The Japanese-born Brazilian beat Portugal’s Nuno Pinto and Spain’s Miguel Ballester in tonight’s grand final to claim the ultimate prize in racing esports.
Igor Fraga, a 20-year-old racing driver from Ipatinga, Brazil, has beaten more than half a million contestants to be crowned the winner of McLaren Shadow Project – McLaren’s search for the brightest and best virtual racer on the planet.
Igor now claims the greatest job in racing esports – a seat on the McLaren Shadow esports team and access to McLaren’s esports development programme to hone his skills and work with our F1 team.
During the final, Igor beat off competition from six other racers from Spain, Portugal, Bahrain, China and Denmark in a gruelling four-day battle at the McLaren Technology Centre in Woking. The finalists competed using some of the world’s best racing games including Forza Motorsport 7, Real Racing 3, Project Cars 2, iRacing and rFactor 2.
In addition to gaming, the finalists were put through rigorous human performance testing by the McLaren Applied Technologies team. The team evaluated the finalists on their physical and mental resilience and performance in the McLaren automotive simulator, as well as testing their real-world racing skills during a track day at Dunsfold in a McLaren 570S GT4 car.
Igor’s journey to McLaren Shadow champion has taken him from karting through Formula 3 to esports. A well-known figure in virtual racing, Igor already holds a number of titles including the FIA Gran Turismo Nations Cup and now McLaren Shadow Project Champion 2019. As a real world racer Igor recently finished fourth in the US based USF2000 Championship and has previously won multiple karting championships and a class win in Formula 3 Brazil in 2017.
Speaking about the competition, Igor said:
“Winning the McLaren Shadow Project is a dream come true. McLaren has a great history and is a team I am so proud to now be part of. I believe that it was my desire to win and the hard work I put in both on and off the track. For me, gaming has to have some competition involved. You don’t win all the time, but if you can see that you’ve grown, it gives you more motivation to overcome your struggles. I can’t wait to get started!"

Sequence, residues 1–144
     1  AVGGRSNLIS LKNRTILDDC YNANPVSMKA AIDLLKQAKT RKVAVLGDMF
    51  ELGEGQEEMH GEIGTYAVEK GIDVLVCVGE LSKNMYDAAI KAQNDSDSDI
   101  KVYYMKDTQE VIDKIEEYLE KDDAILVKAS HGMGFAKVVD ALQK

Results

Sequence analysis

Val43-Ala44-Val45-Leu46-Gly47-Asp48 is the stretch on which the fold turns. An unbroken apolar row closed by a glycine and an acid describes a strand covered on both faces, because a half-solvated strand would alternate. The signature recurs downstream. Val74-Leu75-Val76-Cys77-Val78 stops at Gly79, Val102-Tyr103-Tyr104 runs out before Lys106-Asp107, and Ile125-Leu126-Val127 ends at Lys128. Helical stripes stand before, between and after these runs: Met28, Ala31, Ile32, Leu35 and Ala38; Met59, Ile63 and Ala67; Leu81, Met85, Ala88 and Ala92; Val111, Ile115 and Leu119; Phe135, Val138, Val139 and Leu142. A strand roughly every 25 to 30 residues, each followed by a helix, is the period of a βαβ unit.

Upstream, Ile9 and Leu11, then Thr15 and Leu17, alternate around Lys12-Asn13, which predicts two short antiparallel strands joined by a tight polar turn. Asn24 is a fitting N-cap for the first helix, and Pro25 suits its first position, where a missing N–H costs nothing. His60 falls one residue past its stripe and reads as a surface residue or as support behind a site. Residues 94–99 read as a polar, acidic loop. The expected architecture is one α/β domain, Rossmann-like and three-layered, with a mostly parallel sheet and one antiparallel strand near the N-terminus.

Ben Payne, Head of esports at McLaren said:
“Huge congratulations to Igor, the competition this year was unbelievably tough. We took the finalists through four days of rigorous testing both on and off the track. To triumph, Igor not only needed to demonstrate the speed and agility required by all top racing drivers, but also the mental and physical resilience required to compete in esports at this level.
“Unlike any other esport genres, the transference of skills between virtual and real racing are both direct and profound, and Igor showed skill in both. We look forward to welcoming him into our McLaren Shadow esports team, and to seeing how he develops through our dedicated esports driver development programme – the opportunities are endless.”
Zak Brown, Chief Executive Officer, McLaren Racing, said:
“Congratulations to Igor, we’re looking forward to welcoming him into the McLaren family and putting him through his paces. This year, McLaren has reinforced its commitment to esports and the phenomenal number of entries, over half a million, proves our instincts were correct – esports broadens engagement in motorsports and enriches our passion for the sport.”
2017 winner, Rudy van Buren, said:
“This competition changes lives. 12 months ago I was a kitchen salesman in Lelystad, Netherlands. Since then I’ve become a simulator driver for McLaren, driven a world championship-winning F1 car at Goodwood, raced and beaten a Le Mans winner at the Race of Champions and given VIPs the thrill of a lifetime in McLaren supercars during Formula 1 race weekends as part of McLaren’s involvement in the Pirelli Hot Laps experience. I am delighted for Igor, he has a thrilling ride ahead!”